distance from the center of the planet when the object is outside the planet.

A planets gravitational field is greatest at its surface (assuming its spherical).

A planets measured gravitational field is less at the equator than at the poles due to the planets rotation.

The tension in a string holding up an object is not always equal to the objects weight.

The normal force exerted on an object (even on a horizontal surface) is not always equal to the objects weight.

The direction an object will go is the same as the direction of the unbalanced force that makes it go, only if the

initial speed is zero.

For (modified) Atwoods machines, consider a general direction for the acceleration, even if its not obvious.

Conical pendulums: Ty = mg, Tx = mv2/r.

In N3, the reaction force is always the same kind of force as the first one (the reaction to a frictional force is

another frictional force, the reaction to a gravitational force is another gravitational force).

The Law of Conservation of Momentum is based on the action-reaction pair of forces in Newtons 3rd Law.

If conservative forces are the only forces doing work, mechanical energy is conserved.

Work done by conservative forces is path independent.

Power is the time rate of change of work or energy, but it can also be calculated using force speed.

spring : pendulum :: spring constant : gravity :: mass attached : length.

If a mass on a spring hangs at rest a distance d, it will fall a distance 2d (measured from where the spring has

no potential energy).

In a collision between massive particles, momentum is ALWAYS conserved.

Inelastic collisions mean kinetic energy is not conserved.

Completely inelastic only means the objects stick together, not that all energy is lost (although some must be

lost or gained hence the term inelastic).

Perfectly elastic means kinetic energy is conserved.

The first step in any torque problem is to determine the point about which torques are calculated.

The work done by any centripetal force is always zero.

The mass of a pendulum doesnt matter.

If an object strikes a surface, the normal force exerted on the object must include the force required to change

the objects momentum.

Normal forces generally dont do work.

If two objects with mass collide, you MUST use momentum conservation at some point.

Consider variations on the ballistic pendulum (e.g. 1995:1).

The area under a force-position (displacement) graph is work (energy).

The work done in stopping an object is equal to its initial kinetic energy (likewise, the work done in getting an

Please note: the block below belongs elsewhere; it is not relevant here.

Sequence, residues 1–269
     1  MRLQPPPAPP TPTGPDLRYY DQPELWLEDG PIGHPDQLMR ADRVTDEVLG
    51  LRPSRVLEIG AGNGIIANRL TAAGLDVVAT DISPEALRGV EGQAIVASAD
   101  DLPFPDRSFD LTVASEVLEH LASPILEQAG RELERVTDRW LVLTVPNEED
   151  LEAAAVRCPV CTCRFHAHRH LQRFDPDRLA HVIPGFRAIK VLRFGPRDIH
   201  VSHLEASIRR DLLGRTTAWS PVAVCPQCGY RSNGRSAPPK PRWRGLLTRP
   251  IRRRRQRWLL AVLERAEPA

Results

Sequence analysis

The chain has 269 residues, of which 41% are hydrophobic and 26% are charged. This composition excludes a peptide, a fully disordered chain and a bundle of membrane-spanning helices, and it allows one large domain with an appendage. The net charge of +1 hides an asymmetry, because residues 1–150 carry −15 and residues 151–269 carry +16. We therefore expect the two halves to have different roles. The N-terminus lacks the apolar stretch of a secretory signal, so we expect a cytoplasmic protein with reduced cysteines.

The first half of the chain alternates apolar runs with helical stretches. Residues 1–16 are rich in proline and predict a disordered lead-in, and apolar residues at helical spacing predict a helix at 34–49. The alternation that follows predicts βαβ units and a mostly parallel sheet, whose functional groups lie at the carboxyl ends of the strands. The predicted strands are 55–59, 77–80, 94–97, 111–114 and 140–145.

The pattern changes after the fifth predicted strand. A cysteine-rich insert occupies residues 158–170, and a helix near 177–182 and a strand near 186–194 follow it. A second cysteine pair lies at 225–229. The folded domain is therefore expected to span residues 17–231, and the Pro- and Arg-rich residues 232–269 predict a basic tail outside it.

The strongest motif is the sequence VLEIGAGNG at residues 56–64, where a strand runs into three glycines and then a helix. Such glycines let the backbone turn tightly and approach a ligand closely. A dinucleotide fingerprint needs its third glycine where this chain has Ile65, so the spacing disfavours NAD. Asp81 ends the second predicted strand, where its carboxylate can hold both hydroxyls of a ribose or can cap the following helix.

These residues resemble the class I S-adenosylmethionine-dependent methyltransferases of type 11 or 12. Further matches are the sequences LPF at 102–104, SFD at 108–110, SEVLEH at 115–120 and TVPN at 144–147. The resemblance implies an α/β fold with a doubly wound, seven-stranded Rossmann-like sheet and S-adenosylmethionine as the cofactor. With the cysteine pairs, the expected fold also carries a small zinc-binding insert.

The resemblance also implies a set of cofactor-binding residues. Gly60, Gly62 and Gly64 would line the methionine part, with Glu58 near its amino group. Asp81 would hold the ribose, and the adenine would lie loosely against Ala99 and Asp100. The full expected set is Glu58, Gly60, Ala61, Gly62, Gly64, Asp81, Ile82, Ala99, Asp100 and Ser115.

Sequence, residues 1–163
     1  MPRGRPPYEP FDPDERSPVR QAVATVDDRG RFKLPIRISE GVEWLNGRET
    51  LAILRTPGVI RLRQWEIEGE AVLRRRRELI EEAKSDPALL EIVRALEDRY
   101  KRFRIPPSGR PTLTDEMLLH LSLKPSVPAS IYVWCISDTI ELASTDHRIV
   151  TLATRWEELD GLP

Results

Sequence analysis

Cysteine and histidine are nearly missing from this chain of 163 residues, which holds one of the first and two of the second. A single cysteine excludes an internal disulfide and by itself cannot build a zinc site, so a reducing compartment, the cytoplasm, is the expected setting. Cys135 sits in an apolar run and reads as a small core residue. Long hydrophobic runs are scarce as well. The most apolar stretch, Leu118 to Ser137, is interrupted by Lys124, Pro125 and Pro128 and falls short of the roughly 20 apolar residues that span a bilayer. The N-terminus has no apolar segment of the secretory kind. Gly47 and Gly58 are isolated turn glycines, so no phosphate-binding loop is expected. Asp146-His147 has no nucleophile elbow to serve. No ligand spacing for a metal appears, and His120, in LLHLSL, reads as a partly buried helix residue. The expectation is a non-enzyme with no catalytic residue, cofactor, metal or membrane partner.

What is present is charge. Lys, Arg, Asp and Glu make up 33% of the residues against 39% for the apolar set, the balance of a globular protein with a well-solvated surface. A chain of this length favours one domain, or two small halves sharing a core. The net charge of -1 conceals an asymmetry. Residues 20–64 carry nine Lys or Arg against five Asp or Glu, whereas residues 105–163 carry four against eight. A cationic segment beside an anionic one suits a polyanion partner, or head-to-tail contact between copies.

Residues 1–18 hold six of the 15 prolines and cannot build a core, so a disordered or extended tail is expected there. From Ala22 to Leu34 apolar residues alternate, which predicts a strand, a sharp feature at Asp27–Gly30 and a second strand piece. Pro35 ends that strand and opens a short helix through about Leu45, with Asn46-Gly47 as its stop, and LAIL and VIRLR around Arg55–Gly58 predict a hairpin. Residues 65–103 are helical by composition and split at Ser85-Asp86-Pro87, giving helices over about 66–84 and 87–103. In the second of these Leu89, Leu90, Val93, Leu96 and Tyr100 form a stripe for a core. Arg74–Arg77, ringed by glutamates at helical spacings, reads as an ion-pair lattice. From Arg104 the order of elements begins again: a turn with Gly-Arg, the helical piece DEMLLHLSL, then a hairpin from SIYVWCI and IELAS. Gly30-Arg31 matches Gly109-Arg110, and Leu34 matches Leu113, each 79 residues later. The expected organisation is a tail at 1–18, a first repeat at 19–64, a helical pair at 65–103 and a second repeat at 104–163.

object up to speed is equal to its final kinetic energy).

In any before-after situation, if there is a change in kinetic energy, work must have been done.

Conservative fields are defined by potential energy functions (gravitational, elastic, electric). Watch out for the

hypothetical conservative field.

Potential energy is generally considered an assigned (arbitrary) energy due to position.

If youre being asked for the kinetic energy of an object, dont be too quick to use K 12 mv unless the mass

and speed are obvious and available. Think about using work-energy considerations.

2

55.

Also, dont forget the relation between kinetic energy and momentum: K

56.

57.

58.

59.

Work is a dot scalar product. W F gx F x cos .

An object can be in translational or rotational equilibrium or both or neither.

Work done by kinetic friction is negative.

60.

v v u

v

2

T

k

m

g

l

p2

2m

1.

2.

3.

4.

5.

6.

7.

8.

9.

Excess charge resides on the outer surface of a conductor.

The field anywhere inside a conductor in electrostatic equilibrium is zero.

The surface of any charged conductor in electrostatic equilibrium is a surface of equipotential.

The electric potential on the surface of conducting sphere is inversely proportional to radius of the sphere. (i.e.

given the same quantity of charge, surfaces of smaller spheres are at a higher quantity of potential).

On irregularly shaped conductors, the surface charge density (and therefore the field and potential) is higher at

locations where the radius of curvature is smallest (like ends of lightning rods and golf clubs).

If two charged objects are connected by a conductor, the difference in potential will cause the charges to move

until the potentials are the same. And dont forget, positive charges move from high to low potential negative charges

(e.g. electrons) go from low to high potential.

For a conducting sphere of radius R ,

kQ

The electric field at the surface is E 2 .

R

The field anywhere inside the sphere is 0.

kQ

The field at a distance r away from the center of the sphere (where r R ) is E 2 .

r

For the same conducting sphere,

kQ

The potential at the surface is V

.

R

The potential anywhere inside the sphere is the same as at the surface, otherwise there would be a difference

in potential and therefore an electric field that is 0.

kQ

The potential at a distance r away from the center of the sphere (where r R ) is V